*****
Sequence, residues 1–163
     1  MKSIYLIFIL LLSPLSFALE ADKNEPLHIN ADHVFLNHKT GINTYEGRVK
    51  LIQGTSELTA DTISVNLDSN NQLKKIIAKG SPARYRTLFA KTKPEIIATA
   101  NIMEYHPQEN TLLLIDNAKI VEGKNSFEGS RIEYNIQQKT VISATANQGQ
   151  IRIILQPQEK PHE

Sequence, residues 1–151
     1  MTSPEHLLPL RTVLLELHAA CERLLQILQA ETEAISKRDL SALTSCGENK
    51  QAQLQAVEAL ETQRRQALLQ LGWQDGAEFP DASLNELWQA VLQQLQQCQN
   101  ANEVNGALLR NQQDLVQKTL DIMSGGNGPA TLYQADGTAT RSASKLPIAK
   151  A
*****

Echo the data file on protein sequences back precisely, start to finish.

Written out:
Sequence, residues 1–163
     1  MKSIYLIFIL LLSPLSFALE ADKNEPLHIN ADHVFLNHKT GINTYEGRVK
    51  LIQGTSELTA DTISVNLDSN NQLKKIIAKG SPARYRTLFA KTKPEIIATA
   101  NIMEYHPQEN TLLLIDNAKI VEGKNSFEGS RIEYNIQQKT VISATANQGQ
   151  IRIILQPQEK PHE

Sequence, residues 1–151
     1  MTSPEHLLPL RTVLLELHAA CERLLQILQA ETEAISKRDL SALTSCGENK
    51  QAQLQAVEAL ETQRRQALLQ LGWQDGAEFP DASLNELWQA VLQQLQQCQN
   101  ANEVNGALLR NQQDLVQKTL DIMSGGNGPA TLYQADGTAT RSASKLPIAK
   151  A